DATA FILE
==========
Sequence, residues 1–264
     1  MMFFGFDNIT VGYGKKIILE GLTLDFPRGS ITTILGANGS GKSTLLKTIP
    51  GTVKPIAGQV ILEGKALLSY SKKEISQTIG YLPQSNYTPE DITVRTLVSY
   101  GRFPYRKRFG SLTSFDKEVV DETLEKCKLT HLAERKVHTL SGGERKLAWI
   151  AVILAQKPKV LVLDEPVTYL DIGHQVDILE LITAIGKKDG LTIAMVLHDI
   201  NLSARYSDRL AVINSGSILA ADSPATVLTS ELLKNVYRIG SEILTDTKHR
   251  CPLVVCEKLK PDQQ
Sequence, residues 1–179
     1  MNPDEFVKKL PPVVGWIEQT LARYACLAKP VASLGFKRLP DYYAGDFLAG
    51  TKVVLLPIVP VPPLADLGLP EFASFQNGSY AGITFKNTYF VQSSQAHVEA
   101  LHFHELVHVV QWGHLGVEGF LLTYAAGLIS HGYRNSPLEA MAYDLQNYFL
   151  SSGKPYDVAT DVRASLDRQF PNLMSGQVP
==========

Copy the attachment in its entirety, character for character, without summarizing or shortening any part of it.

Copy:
Sequence, residues 1–264
     1  MMFFGFDNIT VGYGKKIILE GLTLDFPRGS ITTILGANGS GKSTLLKTIP
    51  GTVKPIAGQV ILEGKALLSY SKKEISQTIG YLPQSNYTPE DITVRTLVSY
   101  GRFPYRKRFG SLTSFDKEVV DETLEKCKLT HLAERKVHTL SGGERKLAWI
   151  AVILAQKPKV LVLDEPVTYL DIGHQVDILE LITAIGKKDG LTIAMVLHDI
   201  NLSARYSDRL AVINSGSILA ADSPATVLTS ELLKNVYRIG SEILTDTKHR
   251  CPLVVCEKLK PDQQ
Sequence, residues 1–179
     1  MNPDEFVKKL PPVVGWIEQT LARYACLAKP VASLGFKRLP DYYAGDFLAG
    51  TKVVLLPIVP VPPLADLGLP EFASFQNGSY AGITFKNTYF VQSSQAHVEA
   101  LHFHELVHVV QWGHLGVEGF LLTYAAGLIS HGYRNSPLEA MAYDLQNYFL
   151  SSGKPYDVAT DVRASLDRQF PNLMSGQVP